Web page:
About 20 percent of the families at her school continued with the asynchronous program this year, but the rest are now in class in front of a screen about half the day. The rest of the day, they are broken into smaller groups or do one-on-ones with teachers. The kids can drop in to talk to a teacher at any time, whether to get help with their work or just have someone to talk to.

Extra supervision is not only required, but necessary for success according to Agosto-Cintrón. “The younger they are, the more we rely on the parents, because now they’re the teacher at home.”

Cameron actually prefers this setup, even though it’s more work for him. When he has a question or a problem, he says he can immediately get in touch with a teacher. Before, he says, he would’ve had to wait.

“The teachers are much more helpful here than they were in school, because they’re right here looking at you,” says Cameron. “You’re talking to them.”

More than classes

Philadelphia Virtual Academy isn’t just academics, offering counseling and stress management, as well as online clubs and activities. Both of New York City’s new virtual school options offer in-person and online extracurricular activities and social support.

NYC students can choose from activities including podcasting, music production, film, esports, and more according to Terri Grey, principal of the all-virtual option. Grey says her students can participate in extracurricular activities after school or during lunch, however, many students have created their own lunch groups on platforms like Slack. There are also counseling services and assistance for students with various learning needs.

The all virtual option has 118 students. Both will welcome a new ninth grade class next year, as well as hoping to expand the class size of the current group.

"It's been very exciting," says Grey. "My staff is really energized. I feel like the parents and students feel like they're a part of something historic right now, and we're capitalizing on that energy and leveraging it to make sure that we get the most out of them."

Her biggest issue?

“It was hard to meet the demand, and we still get a lot of inquiries,” says Grey. “Every day, I have to tell people that we’re over capacity. That’s been a challenge, because parents really are fighting for this option for their child.”

Angela Raven teaches classes from home for the Saint Paul (MN) Public Schools Online School.
Photo courtesy of Saint Paul Public Schools Online School

The hybrid option, which has 55 students, centers around a passion project using project-based learning and offers internship opportunities and a chance to go out into the community for service-based learning. 

"I think this kind of learning that allows students to not be in a brick-and-mortar school building all day is sort of the future of high school education," says Veronica Coleman, principal of the hybrid school. "I'm excited to be part of that."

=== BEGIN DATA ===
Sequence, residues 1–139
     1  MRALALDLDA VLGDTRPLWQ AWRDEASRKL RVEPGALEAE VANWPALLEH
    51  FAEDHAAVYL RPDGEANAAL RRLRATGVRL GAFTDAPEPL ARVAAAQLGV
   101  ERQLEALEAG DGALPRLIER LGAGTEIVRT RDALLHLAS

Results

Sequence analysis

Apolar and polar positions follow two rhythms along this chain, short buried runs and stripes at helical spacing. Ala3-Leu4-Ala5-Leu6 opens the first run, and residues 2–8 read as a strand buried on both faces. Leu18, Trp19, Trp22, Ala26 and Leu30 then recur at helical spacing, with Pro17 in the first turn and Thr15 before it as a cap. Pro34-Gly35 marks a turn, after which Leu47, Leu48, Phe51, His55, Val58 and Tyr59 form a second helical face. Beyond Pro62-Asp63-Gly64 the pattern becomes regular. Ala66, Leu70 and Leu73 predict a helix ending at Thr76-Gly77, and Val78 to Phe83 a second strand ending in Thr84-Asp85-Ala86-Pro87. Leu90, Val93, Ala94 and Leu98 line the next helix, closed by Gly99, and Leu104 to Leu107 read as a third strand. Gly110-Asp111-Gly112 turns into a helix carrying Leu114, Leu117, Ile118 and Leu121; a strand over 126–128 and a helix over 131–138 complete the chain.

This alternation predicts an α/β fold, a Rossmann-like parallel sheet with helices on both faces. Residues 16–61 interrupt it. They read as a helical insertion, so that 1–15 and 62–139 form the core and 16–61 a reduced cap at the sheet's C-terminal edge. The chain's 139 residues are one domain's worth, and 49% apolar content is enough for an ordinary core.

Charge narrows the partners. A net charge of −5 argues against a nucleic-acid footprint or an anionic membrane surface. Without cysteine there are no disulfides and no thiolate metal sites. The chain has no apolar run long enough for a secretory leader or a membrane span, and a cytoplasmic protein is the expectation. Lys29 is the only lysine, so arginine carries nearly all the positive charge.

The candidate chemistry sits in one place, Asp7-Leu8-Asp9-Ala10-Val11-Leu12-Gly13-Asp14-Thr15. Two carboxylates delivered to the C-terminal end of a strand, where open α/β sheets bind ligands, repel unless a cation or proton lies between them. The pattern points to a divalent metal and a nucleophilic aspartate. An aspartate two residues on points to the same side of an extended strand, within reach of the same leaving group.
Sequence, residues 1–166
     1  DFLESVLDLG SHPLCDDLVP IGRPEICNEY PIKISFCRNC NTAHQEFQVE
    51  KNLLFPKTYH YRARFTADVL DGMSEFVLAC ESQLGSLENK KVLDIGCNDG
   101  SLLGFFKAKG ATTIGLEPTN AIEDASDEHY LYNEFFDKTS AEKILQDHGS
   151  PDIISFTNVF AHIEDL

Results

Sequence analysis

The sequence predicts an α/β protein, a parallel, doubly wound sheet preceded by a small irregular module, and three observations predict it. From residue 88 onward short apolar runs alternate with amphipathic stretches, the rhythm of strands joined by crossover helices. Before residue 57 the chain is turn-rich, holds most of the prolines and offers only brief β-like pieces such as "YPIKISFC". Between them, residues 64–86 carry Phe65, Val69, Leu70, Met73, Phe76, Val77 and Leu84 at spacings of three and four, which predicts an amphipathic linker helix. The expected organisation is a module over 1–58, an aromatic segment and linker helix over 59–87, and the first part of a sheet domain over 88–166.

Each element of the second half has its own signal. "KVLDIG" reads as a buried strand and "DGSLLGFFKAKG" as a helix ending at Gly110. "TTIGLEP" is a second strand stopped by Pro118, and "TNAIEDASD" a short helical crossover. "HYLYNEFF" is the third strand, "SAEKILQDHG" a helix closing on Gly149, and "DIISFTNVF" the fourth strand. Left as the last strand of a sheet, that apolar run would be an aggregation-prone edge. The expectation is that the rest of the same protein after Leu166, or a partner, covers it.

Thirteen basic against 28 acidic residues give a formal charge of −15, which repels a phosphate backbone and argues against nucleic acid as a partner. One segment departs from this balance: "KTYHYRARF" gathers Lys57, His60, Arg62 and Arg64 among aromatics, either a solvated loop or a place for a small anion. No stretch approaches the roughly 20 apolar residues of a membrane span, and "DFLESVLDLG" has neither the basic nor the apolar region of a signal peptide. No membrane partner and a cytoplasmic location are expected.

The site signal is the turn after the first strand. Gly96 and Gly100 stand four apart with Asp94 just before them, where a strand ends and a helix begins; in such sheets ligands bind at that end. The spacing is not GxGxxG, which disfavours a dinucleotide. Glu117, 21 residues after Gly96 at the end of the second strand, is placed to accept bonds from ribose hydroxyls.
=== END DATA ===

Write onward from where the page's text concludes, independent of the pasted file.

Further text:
The hybrid option also offers extracurricular activities, including anime, movie, and skateboarding clubs and plans to add photography, intramural sports, and more as the year goes on. 

Advantages of a flexible schedule

At the Saint Paul (MN) Public Schools (SPPS) Online School, high school students have the option to join live classes for about half the day, or they can watch the recorded sessions on their own time. For the other half of the day, they can meet one-on-one with teachers or in small tutoring groups, or just work on their assignments.

The flexibility allows them to work when they are best able to, whether that’s nights and weekends or during the traditional day, says high school English teacher Angela Raven. This works well for students who have to work or help out around the house with younger siblings, as well as students who typically get bored in traditional schools because they are ahead of their classmates. Raven has one student like this in her ninth grade accelerated English class.

“She can fly through her work at a high achieving rate, and she isn’t held back by the confines of a traditional classroom,” Raven says.

Despite less class time, Raven, who taught in schools in the district for 20 years prior, finds she actually gets to spend more time with students in the Online School, which she considers a benefit for both of them. The one-on-one time in the afternoons allows her to connect with them without worrying about managing the chaos of a classroom full of students. And she checks in frequently with students to make sure they are doing their work, even on nights and weekends.

Keeping kids engaged during class can be a challenge.

“When the camera comes on, it’s like showtime,” Raven says. “It can be like that in a classroom, too, but you have to bring it even more so online. You have to create that space where the kids are excited to see you when they turn on that camera.”

Another challenge is absenteeism. While her students aren’t usually required to show up to class, some of them use virtual school as an opportunity to hide—and not complete their work. Internet connectivity issues also arise regularly, creating headaches for the teachers and students who can’t get their work done without it.

Aside from their classes, Online School students can join virtual clubs. Principal Jeff Bush sees many opportunities for social connection online.

“I’ve been doing this for a long time, and it’s always been amazing to me how our kids get to know each other even in this environment,” Bush says. “It’s one of those things where everyone questions how you do it, but society in general has changed in the way we socialize as well. The pandemic had a lot to do with it, but many of our kids had been doing it through video games for a long time.”

Like the Philadelphia Virtual Academy, the Online School saw a drop in enrollment this year, but they plan to stick around for the families who want to stay for the long haul.

Howard Cameron is availing himself of that option. He’s taking it day by day and hasn’t decided whether he’ll keep his daughters virtual once they enter middle and high school, but he’s happy with the choice he’s made so far.

“This is the best thing I ever did,” he said. “It is a lot of work, but I gotta do what I gotta do. It’s all about them.”

Colleen Connolly is a Minneapolis-based journalist who writes about children and education, among other topics. She can be found at Kara Yorio is SLJ’s senior news editor.